Parameters for Slug Characteristics

The key parameters required for the assessment of the performance of separation and associated downstream facilities are the average slug volume and frequency, and the greatest likely slug volume and its frequency of occurrence. The combination of slug velocity, frequency and liquid holdup is important for the design of pipeline supports. These are the control parameters: Vsg (gas superficial velocity), Vsl (liquid superficial velocity), D (pipeline diameter), L (pipeline length), f (pipeline inclination), rg (gas density), rl (liquid density), mg (gas viscosity), ml (liquid viscosity), and sl (surface tension).

Slug Detection and Control Systems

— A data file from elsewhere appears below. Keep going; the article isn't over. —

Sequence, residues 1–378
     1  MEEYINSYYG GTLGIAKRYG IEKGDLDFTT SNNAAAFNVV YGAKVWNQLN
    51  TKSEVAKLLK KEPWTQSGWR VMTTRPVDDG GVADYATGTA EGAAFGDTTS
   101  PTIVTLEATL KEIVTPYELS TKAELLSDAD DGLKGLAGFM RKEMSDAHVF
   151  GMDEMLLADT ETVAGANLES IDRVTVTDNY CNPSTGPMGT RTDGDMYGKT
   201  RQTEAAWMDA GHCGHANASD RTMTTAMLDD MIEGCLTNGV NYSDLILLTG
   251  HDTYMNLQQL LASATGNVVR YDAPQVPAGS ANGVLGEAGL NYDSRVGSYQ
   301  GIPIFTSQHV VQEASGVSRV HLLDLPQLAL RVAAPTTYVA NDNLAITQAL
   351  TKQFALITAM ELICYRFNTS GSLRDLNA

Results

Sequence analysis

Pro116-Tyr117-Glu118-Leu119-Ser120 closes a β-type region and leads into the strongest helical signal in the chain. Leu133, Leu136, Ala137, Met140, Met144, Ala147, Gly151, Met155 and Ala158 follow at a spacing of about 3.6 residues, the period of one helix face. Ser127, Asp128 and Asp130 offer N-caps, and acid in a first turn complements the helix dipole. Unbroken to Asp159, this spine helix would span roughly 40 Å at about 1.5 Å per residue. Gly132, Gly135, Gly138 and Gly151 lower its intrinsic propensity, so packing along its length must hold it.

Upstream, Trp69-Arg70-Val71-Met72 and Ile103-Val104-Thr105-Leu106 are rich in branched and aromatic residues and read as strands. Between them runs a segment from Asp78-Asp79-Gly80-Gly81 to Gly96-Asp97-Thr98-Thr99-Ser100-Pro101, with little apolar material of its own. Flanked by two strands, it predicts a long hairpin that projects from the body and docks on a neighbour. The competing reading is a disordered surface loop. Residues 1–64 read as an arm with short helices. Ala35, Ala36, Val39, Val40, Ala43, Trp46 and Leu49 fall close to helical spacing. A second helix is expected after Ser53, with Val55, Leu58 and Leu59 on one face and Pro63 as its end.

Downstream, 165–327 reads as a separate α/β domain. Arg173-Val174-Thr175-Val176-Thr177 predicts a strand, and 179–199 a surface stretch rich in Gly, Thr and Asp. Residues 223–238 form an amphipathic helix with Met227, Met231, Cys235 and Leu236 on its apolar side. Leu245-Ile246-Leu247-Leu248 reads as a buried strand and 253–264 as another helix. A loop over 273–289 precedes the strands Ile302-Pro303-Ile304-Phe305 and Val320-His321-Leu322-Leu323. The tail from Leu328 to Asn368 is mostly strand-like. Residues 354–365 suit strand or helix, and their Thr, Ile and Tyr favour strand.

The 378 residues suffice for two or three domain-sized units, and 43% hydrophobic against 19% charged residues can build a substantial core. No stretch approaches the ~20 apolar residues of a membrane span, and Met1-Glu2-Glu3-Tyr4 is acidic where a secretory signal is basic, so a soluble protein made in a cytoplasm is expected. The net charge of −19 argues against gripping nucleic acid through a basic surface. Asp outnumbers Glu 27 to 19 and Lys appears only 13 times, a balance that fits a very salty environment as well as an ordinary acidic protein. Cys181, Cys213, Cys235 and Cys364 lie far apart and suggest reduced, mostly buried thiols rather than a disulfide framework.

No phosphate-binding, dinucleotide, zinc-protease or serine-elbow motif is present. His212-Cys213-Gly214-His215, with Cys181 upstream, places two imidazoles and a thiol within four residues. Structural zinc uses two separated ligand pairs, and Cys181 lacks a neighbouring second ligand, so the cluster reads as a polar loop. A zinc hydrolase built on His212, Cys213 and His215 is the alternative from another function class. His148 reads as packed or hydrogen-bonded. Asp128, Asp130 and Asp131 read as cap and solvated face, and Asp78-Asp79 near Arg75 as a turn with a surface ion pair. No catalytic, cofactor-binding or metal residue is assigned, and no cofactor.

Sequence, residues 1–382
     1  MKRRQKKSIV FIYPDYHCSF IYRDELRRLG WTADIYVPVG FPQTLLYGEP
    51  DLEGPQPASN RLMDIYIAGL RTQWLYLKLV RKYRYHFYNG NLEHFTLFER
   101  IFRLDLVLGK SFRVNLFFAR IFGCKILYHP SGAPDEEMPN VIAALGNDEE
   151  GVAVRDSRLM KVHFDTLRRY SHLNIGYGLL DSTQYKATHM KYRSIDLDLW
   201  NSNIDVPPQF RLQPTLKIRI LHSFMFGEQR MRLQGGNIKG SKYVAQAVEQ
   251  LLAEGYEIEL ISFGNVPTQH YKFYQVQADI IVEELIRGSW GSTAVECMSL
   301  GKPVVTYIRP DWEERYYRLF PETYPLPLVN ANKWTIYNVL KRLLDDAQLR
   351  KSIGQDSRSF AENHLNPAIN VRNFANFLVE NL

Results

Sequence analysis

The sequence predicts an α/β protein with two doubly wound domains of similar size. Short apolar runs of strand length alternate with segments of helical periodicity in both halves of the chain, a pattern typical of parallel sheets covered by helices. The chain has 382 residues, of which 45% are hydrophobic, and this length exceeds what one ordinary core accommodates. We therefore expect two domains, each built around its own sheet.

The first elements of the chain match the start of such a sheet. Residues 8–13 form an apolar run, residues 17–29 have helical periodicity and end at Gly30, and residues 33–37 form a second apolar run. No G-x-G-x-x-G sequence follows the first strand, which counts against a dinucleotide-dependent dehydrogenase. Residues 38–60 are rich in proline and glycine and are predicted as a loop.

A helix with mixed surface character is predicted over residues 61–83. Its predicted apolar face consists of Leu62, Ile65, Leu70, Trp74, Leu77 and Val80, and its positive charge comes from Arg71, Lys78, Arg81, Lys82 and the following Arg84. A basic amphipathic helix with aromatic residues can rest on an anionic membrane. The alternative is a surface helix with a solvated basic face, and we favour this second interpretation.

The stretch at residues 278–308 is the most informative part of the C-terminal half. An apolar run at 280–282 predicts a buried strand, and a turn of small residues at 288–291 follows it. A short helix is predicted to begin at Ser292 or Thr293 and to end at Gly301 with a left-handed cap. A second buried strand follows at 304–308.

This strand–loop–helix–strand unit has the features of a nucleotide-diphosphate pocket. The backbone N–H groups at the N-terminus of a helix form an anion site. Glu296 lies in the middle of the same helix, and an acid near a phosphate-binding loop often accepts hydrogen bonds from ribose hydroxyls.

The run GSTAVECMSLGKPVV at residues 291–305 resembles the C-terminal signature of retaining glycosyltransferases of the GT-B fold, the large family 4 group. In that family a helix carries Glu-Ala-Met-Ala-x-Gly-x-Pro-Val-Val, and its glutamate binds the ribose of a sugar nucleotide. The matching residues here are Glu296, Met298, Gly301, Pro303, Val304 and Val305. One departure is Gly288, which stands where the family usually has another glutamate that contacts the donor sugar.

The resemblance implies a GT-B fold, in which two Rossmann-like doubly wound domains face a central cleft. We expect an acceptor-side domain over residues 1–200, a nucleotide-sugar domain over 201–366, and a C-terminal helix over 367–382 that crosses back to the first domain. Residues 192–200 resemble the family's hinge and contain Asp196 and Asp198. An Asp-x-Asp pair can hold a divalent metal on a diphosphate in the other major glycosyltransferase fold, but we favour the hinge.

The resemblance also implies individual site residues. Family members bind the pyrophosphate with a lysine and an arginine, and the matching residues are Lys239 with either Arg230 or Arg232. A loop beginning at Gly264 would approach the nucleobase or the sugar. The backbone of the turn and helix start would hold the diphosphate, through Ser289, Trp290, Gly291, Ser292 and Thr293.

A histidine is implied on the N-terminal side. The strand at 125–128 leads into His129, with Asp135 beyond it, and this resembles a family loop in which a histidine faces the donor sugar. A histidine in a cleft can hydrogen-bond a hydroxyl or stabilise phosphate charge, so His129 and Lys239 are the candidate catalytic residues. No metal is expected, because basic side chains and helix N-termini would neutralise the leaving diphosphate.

Although slug control is very important to avoid facility damage and upsets, control options are limited. The potential impact of slugging on the topside system operation must be addressed and then analyses of the subsea system carried out to assess the effects. Usually a trade-off results between the design of slug catchers and the optimization of the flowline to reduce slugging.

Slugs have been successfully detected using gamma densitometers located on the riser, acoustical measurements, and measurements of pressure at the base of the riser. Slug detection systems should be considered when predicted slugging is expected to give operational difficulties and/or when an advanced control system is to be used for slug mitigation. In this case, the slugging simulations should include advanced controls to test the control algorithm. Flow assurance and process disciplines should demonstrate advanced controls to critically dampen predicted slug volumes and frequency.

Equipment Design for Slug Flow